Should I Become a Dietary Technician?
Dietary technicians, or dietetic technicians, assist dietitians in planning and preparing meals that meet established nutritional guidelines. They might educate, screen, and evaluate patients; monitor patient progress; and plan diets/menus for clients. Technicians might need to use tact and patience when dealing with their clients. The U.S. Bureau of Labor Statistics reported the median hourly wage for dietary technicians was $12.52, and the median salary was $26,040.
|Degree Level||Associate degree is standard, though some employers require a bachelor's degree|
|Degree Fields||Nutrition, dietetics|
|Certification||Certification is not mandatory, but many employers prefer to hire technicians registered with the Commission on Dietetic Registration (CDR)|
|Experience||Experience requirements vary by employer, but one year of experience is often required|
|Key Skills||Familiarity with dietetic software like Axxya Systems Nutritionist Pro, CyberSoft NutriBase, and CBORD Nutrition Service Suite; the ability to use spreadsheet software such as Excel; ability to use cutlery, food scales, ovens, and other cooking equipment necessary for preparing meals|
Sources: U.S. Bureau of Labor Statistics, Monster.com and Careerbuilder.com Job postings (August 2012), O*Net OnLine.
Find schools that offer these popular programs
- Clinical Nutrition
- Dietetic Technician - DTR
- Dietitian Assistant
- Foodservice Systems Administration
- Nutrition Sciences
- Wellness Studies
Steps to Become a Dietary Technician
Step 1: Complete an Associate Degree Program
Completion of an associate degree program related to dietetics or nutrition is common for many dietetic technicians. In fact, becoming a DTR requires completion of at least an associate degree accredited by the Accreditation Council for Education in Nutrition and Dietetics (ACEND). Coursework typically includes general science courses, management of foodservice systems, and food/nutrition sciences. Accredited dietetic technician programs also incorporate 450 hours of supervised practice into their curricula, which is required for the DTR credential. During this time, you will gain hands-on work experience and apply what you have learned throughout your coursework.
Get relevant work experience during college. While experience is not always required to find employment as a dietetic technician, some employers prefer to hire candidates who've worked in the field. You can take advantage of internships or fieldwork experiences offered by their programs, or you can seek student positions in a variety of health care settings. This will allow you to become familiar with the responsibilities of the position and make contacts in the field.
Step 2: Become a Dietetic Technician, Registered
After meeting the education and supervised experience requirements, you can become registered by passing a national written examination administered by the CDR. Since many employers prefer to hire dietary technicians with the DTR credential, taking this examination may improve employment prospects. The multiple-choice exam varies in length, with each individual receiving an exam that contains a minimum of 110 questions and a maximum of 130 questions. You can expect a variety of content to be covered on the exam, including food and nutrition sciences, management, food system services, and nutrition care for individuals and groups.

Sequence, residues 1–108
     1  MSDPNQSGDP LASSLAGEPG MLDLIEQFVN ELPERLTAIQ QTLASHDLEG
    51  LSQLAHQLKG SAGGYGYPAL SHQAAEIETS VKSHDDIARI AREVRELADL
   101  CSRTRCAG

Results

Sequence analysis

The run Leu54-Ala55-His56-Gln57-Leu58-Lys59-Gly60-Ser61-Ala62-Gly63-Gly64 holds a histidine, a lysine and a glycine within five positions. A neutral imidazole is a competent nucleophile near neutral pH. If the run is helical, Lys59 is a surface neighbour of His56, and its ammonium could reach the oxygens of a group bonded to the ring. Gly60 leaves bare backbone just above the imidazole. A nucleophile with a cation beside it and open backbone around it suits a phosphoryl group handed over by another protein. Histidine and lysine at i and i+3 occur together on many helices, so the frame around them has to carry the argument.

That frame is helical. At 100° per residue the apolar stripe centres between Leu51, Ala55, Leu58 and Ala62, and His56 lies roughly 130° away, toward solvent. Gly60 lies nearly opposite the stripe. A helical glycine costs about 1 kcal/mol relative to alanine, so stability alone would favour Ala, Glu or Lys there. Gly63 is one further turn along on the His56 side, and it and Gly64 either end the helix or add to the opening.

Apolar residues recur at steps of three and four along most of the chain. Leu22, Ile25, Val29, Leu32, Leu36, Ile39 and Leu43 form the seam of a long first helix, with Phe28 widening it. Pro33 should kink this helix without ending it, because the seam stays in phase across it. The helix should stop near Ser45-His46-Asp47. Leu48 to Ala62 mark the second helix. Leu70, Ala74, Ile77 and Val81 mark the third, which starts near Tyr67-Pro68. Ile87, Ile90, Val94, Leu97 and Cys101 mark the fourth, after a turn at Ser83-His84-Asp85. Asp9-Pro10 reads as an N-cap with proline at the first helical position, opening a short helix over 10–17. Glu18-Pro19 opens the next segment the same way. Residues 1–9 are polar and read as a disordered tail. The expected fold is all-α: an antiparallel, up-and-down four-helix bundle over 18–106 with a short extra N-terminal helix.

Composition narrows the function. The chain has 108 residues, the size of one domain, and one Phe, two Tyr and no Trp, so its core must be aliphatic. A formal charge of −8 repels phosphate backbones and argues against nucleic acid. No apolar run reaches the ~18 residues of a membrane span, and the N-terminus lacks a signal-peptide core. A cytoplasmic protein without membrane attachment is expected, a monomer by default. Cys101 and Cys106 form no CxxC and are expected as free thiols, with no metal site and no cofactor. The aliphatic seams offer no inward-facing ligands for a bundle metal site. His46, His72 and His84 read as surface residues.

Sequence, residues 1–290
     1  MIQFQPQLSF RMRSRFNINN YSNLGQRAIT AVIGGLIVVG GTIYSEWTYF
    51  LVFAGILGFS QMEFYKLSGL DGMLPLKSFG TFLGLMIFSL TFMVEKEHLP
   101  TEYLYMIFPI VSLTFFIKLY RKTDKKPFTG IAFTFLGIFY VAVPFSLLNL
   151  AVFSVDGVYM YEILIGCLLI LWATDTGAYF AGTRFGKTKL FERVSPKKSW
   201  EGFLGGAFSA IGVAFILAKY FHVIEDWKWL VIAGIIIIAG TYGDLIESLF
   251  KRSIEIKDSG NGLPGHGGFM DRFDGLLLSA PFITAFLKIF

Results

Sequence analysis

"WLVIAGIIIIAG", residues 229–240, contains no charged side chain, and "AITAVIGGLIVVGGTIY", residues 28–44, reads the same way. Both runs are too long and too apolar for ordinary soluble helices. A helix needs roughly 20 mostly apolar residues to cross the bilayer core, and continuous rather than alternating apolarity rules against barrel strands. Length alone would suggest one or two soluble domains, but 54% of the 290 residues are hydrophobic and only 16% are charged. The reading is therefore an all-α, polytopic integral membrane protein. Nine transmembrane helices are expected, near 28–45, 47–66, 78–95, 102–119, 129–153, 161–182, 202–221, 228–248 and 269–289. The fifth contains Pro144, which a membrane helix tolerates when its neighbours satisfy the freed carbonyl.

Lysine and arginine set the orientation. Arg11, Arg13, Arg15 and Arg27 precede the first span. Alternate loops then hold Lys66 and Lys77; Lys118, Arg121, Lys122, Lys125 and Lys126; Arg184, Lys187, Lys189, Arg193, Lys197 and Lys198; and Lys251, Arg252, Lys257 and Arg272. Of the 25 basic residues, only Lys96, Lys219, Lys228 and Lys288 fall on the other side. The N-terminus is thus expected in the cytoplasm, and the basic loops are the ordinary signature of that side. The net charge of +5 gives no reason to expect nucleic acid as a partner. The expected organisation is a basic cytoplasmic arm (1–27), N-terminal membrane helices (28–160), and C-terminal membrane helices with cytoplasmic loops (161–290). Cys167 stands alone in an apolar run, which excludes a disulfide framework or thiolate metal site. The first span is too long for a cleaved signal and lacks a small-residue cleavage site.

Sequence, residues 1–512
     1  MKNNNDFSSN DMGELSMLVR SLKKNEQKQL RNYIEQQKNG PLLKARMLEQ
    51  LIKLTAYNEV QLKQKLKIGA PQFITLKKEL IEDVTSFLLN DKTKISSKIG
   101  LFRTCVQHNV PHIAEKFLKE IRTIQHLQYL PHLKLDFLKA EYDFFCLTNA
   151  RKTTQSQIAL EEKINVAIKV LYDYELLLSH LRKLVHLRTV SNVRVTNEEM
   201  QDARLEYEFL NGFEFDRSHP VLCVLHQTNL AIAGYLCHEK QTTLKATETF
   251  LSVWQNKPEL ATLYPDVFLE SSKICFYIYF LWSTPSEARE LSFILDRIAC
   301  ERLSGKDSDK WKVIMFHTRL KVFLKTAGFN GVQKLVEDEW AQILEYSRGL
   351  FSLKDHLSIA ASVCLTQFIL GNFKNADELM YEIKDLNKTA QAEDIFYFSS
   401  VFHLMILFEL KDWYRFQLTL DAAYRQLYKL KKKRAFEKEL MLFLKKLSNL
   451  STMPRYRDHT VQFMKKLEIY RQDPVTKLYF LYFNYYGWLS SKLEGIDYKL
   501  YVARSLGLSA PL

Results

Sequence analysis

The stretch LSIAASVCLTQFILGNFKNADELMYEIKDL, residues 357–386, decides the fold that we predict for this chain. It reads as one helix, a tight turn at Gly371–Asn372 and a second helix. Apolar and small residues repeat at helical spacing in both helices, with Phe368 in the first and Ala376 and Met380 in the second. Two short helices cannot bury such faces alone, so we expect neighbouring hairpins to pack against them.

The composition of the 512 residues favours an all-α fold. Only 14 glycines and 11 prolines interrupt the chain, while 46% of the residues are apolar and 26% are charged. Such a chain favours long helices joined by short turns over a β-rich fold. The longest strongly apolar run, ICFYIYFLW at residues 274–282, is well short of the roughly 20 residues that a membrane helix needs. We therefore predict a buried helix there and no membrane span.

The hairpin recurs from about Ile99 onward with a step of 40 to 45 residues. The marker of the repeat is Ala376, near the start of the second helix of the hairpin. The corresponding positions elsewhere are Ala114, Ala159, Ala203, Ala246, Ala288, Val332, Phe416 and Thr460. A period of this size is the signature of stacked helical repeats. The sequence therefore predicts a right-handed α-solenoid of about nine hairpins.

Use a study guide to prepare for exam. The Study Guide for the Registration Examination for Dietetic Technicians is a valuable resource provided by the CDR that individuals can refer to prior to taking the exam. This study guide includes a practice exam, references, and comprehensive study outline.
Step 3: Maintain Registration
Continuing education is needed to maintain registration as a registered dietetic technician. This includes the completion of 50 hours of continuing professional education over a five-year registration period. Activities comprising these units are listed through the CDR, though DTRs can request prior approval for an activity that is not listed.
Step 4: Consider Earning a Bachelor's Degree
You do not need to major in dietetics or nutrition at this level, although majors related to dietetics and nutrition may result in less additional coursework. If you earn unrelated bachelor's degree, you are required to complete supplementary coursework in an ACEND-accredited Coordinated Program (CP) or Didactic Program in Dietetics (DPD). A CP combines supervised experience with classroom instruction, while a DPD provides only classroom instruction in conjunction with a degree program. You would then be responsible for applying to and completing an accredited supervised experience program.
If you have already started a bachelor's degree program, you must consult with the program director of the school's dietetics technician program to determine if additional components must be completed. Depending on the previous coursework and any supervised experience you may have already completed, the director may assign a DPD or CP program.
Step 5: Consider Becoming a Registered Dietitian
If you wish to advance within your career, it may be beneficial to become a Registered Dietitian. A Bachelor's degree is required with coursework approved by the Accreditation Council for Education in Nutrition and Dietetics (ACEND) of the Academy of Nutrition and Dietetics. You will then be required to complete a supervised practice program of 6-12 months in length and passing national examination through the Commission on Dietetic Registration (CDR).
To become a dietary technician, you'll at least need an associate's degree, but you may wish to further your education by earning a bachelor's degree and becoming a registered dietician.